Hypoxia activates neurons in the pFRG, RVLM and cNTS.

(A–F) Photomicrography showing representative cases of TH- and Fos-labelled cells located in(A, B) the pFRG, (C, D) the RLVM and (E, F) the cNTS after normoxia (21% O2, balanced with N2; N = 6) and after hypoxia (3 hr in 8% O2, balanced with N2; N = 6). (A’–F’) Higher magnification of pFRG, RVLM and cNTS showing neurons labeled by Fos and/or TH. (G–I) Number of Fos and/or TH-labeled cells in the pFRG, RVLM and cNTS. Cell count was obtained in coronary brain sections (five sections from the pFRG, six sections from the RVLM and three sections from the cNTS of 40 μm in thickness with 240 μm intervals between slices) from each rat. Abbreviations: cc, central canal; cNTS, commissural nucleus of the solitary tract; IO, inferior olive; pFRG, parafacial respiratory group; RVLM, rostral ventrolateral medulla; Sp5, spinal trigeminal tract; TH, tyrosine hydroxylase; VII, facial motor nucleus; XII, hypoglossal nucleus. *Different from normoxia. Scale bar in panel (F) = 100 μm, this scale bar also applies topanels (A–F), whereas the scale bar in panel (F’) = 20 μm applies to panels (A’-F’).

Figure 5A shows the pFRG region in a control rat (normoxia), whereas Figure 5B shows the pFRG region in a rat exposed to hypoxia for a period of 3 hr. Hypoxia caused a large increase in the number of fos+ cells among presumably pFRG neurons (fos+/TH) compared to that in normoxia (control group) (115 ± 14, vs. 7 ± 2 for normoxia; p<0.001) (Figure 5A–B and G). As expected, we also detected a large number of fos+ cells among C1 neurons (fos+/TH+) (158 ± 11, vs. 14 ± 3 for normoxia; p<0.001) (Figure 5C–D and H). The number of fos+ neurons in the cNTS (183 ± 8 vs. 10 ± 2 for normoxia; p<0.001) was higher in the hypoxia group than in the normoxia group (Figure 5E–F and I).

Effect of bilateral blockade of ionotropic glutamatergic receptors in the parafacial respiratory group on active expiration elicited by chemoreflex activation

The experiment described below was designed to determine whether the activation of the pFRG eliciting active expiration during hypoxia or hypercapnia depends on glutamatergic synapses. Bilateral Kyn (100 mM, 50 nL) injections were performed in the pFRG (Figure 6A–C), and the changes in DiaEMG, AbdEMG and AP that were induced by the effects of peripheral chemoreflex activation (bolus injection of KCN) were evaluated (Figure 6D–I).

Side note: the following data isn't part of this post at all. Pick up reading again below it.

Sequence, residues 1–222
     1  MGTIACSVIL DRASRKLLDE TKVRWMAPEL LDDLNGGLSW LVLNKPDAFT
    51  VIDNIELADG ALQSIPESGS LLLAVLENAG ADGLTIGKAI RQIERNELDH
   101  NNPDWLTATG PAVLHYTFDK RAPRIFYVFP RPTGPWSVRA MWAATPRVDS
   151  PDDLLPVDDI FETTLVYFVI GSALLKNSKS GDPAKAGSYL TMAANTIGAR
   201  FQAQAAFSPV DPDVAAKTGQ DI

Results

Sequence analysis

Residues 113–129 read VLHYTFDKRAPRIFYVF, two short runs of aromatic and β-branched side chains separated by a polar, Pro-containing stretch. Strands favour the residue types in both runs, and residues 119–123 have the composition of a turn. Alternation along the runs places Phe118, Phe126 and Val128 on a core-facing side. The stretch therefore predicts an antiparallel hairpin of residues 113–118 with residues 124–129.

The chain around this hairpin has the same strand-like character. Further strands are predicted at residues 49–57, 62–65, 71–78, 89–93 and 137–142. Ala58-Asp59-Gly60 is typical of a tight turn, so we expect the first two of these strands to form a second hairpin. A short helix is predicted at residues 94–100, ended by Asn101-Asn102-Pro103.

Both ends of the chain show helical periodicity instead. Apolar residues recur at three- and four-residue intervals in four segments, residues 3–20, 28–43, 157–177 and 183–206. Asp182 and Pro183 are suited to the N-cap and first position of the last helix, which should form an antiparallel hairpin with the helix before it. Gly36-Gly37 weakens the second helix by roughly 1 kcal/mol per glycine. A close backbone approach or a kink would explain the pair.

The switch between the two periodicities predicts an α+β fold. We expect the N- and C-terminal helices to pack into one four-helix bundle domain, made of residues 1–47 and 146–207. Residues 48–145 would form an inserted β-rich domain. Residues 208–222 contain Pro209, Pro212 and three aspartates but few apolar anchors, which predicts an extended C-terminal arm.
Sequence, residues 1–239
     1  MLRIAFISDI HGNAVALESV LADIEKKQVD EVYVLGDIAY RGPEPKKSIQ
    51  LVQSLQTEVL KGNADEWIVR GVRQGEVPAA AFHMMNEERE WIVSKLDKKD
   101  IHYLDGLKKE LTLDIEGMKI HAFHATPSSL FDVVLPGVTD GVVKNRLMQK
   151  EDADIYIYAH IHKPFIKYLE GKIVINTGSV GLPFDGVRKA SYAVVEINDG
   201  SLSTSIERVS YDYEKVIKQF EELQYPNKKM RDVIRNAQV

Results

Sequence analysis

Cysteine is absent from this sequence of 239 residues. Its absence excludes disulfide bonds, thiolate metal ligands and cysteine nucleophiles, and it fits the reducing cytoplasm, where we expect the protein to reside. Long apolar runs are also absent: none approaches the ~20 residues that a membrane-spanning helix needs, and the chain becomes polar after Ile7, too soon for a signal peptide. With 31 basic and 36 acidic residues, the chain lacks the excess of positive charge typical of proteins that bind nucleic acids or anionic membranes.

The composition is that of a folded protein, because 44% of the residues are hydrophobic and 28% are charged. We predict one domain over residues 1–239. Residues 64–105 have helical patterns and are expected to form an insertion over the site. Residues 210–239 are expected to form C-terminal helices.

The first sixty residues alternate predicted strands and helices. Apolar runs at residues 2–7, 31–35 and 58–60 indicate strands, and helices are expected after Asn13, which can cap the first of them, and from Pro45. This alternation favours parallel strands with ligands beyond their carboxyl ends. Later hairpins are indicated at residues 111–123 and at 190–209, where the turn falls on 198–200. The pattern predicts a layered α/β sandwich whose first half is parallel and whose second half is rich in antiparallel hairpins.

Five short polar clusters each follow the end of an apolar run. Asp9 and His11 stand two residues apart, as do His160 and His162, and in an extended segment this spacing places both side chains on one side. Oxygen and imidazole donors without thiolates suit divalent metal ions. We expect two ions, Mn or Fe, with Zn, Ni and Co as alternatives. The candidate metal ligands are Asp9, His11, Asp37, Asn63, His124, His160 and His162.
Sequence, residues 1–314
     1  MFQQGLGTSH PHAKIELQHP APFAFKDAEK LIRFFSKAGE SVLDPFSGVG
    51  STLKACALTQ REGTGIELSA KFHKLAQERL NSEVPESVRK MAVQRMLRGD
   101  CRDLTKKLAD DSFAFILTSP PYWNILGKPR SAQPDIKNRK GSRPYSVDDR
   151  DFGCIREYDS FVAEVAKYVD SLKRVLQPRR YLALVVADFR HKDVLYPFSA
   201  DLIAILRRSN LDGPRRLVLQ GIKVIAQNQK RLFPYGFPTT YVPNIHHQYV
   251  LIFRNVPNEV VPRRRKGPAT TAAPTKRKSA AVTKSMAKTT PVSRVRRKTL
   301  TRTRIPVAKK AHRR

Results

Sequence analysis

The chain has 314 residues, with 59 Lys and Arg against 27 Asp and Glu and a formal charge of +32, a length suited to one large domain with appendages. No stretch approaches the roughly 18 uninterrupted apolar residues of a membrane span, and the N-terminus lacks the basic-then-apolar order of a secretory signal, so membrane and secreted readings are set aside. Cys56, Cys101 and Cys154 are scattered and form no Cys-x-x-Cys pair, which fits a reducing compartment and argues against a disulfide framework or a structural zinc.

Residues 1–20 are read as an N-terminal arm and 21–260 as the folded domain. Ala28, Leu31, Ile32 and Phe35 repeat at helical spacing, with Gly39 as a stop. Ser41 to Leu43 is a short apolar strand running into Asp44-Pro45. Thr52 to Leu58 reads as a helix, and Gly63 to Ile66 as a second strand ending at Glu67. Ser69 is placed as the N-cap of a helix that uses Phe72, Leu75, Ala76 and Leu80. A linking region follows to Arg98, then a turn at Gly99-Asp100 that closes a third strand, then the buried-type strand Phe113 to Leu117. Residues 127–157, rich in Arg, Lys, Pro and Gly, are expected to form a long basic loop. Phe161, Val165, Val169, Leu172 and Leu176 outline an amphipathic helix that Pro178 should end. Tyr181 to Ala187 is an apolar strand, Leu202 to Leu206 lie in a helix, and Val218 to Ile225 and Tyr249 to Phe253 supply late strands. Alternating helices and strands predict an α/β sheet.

Kynurenic acid injection into the pFRG region blunted active expiration induced by hypoxia and hypercapnia.

(A) Experimental design. (B) Bilateral sites for the injection of kynurenic acid (100 mM, 50 nL) into pFRG. (C) Photomicrography showing a typical site of kynurenic acid injection into pFRG. (D) Traces showing breathing parameters (diaphragm electromyography [DiaEMG] and abdominal electromyography [AbdEMG]) from a representative experiment after the injection of saline or kynurenic acid into the pFRG in a condition of cytotoxic hypoxia (KCN) or hypercapnia (10% CO2). (E) Expanded traces showing the presence of active expiration (AE) (black arrow) after intravenous injection of KCN in a saline-treated rat and the absence of AE induction by KCN when ionotropic glutamatergic receptors are blockaded at the level of pFRG region. (F–I) Individual data for each parameter: (F) DiaEMG frequency (bpm), (G) DiaEMG amplitude (mV), (H) AbdEMG amplitude (mV) and (I) AP (mmHg) after bilateral injections of saline (white circles; N = 7) or kynurenic acid (red circles; N = 7) into pFRG under baseline, KCN or 10% COconditions. Lines show mean and SEM. *Different from saline; two-way ANOVA, p<0.05. Abbreviations: AbdEMG, abdominal electromyogram; AP, arterial pressure; bpm, breaths per minute; DiaEMG, diaphragm electromyogram; KCN, potassium cyanide; pFRG, parafacial respiratory group; py, pyriamidal tract; RPa, raphe pallidus; Sp5, spinal trigeminal tract; VII, facial motor nucleus. Scale bar in panel (B) = 1 mm and in panel (C) = 0.5 mm.

As expected, the antagonism of glutamatergic receptors in the pFRG with Kyn injections did not alter the resting DiaEMG frequency (38 ± 5 bpm vs. 38 ± 6 bpm for baseline; p>0.05), DiaEMG amplitude (0.314 ± 0.114 mV vs. 0.264 ± 0.067 mV for baseline; p>0.05) or blood pressure (116 ± 7 mmHg vs. 120 ± 7 mmHg for baseline; p>0.05) (Figure 6D, F–G and I). Injections of Kyn into the pFRG did not evoke AE (Figure 6D and H).

Bilateral injections of Kyn into the pFRG did not change the increase in the DiaEMG frequency (58 ± 6 bpm vs. 71 ± 5 bpm for saline+KCN; p>0.05) induced by KCN (Figure 6D and F). However, blockade of ionotropic glutamatergic receptors in the pFRG reduced the DiaEMG amplitude (0.400 ± 0.163 mV vs. 1.714 ± 0.408 mV for saline+KCN; p<0.05) and completely eliminated the AE generated by the AbdEMGinduced by hypoxia (0.000 ± 0.000 mV vs. 0.386 ± 0.080 mV for saline+KCN; p<0.001) (Figure 6D–E and G–H). Kyn within the pFRG did not change the increase in AP elicited by KCN (142 ± 7 mmHg vs. 146 ± 9 mmHg for saline+KCN; p>0.05) (Figure 6I). At the same time, blockade of ionotropic glutamatergic receptors in the pFRG region did not change the increase in the DiaEMG frequency (54 ± 6 bpm vs. 68 ± 3 bpm for saline+KCN; p>0.05) or the DiaEMG amplitude (0.543 ± 0.285 mV vs. 1 ± 0.234 mV for saline+KCN; p>0.05) but completely eliminated the AE generated by AbdEMG induced by hypercapnia (0.000 ± 0.000 mV vs. 0.271 ± 0.042 mV for saline+KCN; p<0.001) (Figure 6D and F–H). Bilateral injections of Kyn into the pFRG did not change the increase in AP elicited by hypercapnia (Figure 6I).